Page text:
UC criminologist explains risk assessment tools

Risk assessment tools are used across the U.S. to assign scores to defendants or convicted offenders based on the likelihood they will recommit crimes, fail to appear at pretrial hearings or commit a crime before those hearings. But, implemented in different jurisdictions, the same risk assessment tool can yield vastly different results, reports Helping to shed light on the seeming discrepancy is University of Cincinnati criminologist Ed Latessa, a professor of criminal justice in the College of Education, Criminal Justice, and Human Services.

One common misconception about assessment tools is that they predict an individual’s recidivism or pretrial risk, Latessa explains. In reality, “they‘re not predicting [an] individual, they’re predicting a group,” said Latessa, who helped develop the Ohio Risk Assessment System (ORAS).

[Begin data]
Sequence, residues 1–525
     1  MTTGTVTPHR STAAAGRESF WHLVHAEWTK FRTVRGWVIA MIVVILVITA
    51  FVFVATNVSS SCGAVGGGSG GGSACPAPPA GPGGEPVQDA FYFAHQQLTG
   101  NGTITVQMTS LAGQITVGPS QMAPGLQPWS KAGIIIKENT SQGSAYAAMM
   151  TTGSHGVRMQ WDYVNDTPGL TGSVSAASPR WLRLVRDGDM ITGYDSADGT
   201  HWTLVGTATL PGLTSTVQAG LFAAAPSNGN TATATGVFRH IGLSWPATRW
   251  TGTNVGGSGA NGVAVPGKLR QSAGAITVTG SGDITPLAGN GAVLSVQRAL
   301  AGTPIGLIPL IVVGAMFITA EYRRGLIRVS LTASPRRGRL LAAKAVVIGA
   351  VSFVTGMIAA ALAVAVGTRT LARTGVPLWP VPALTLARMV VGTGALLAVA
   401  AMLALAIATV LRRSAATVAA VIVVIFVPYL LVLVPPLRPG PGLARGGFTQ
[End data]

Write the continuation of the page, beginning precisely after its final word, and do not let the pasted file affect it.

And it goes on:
He adds, “A judge thinks if you’re standing in front of them and you scored low risk, you’re not going to [recidivate]. No—that just means you’re in a group with a low percentage of failure.”

Read the full story here.


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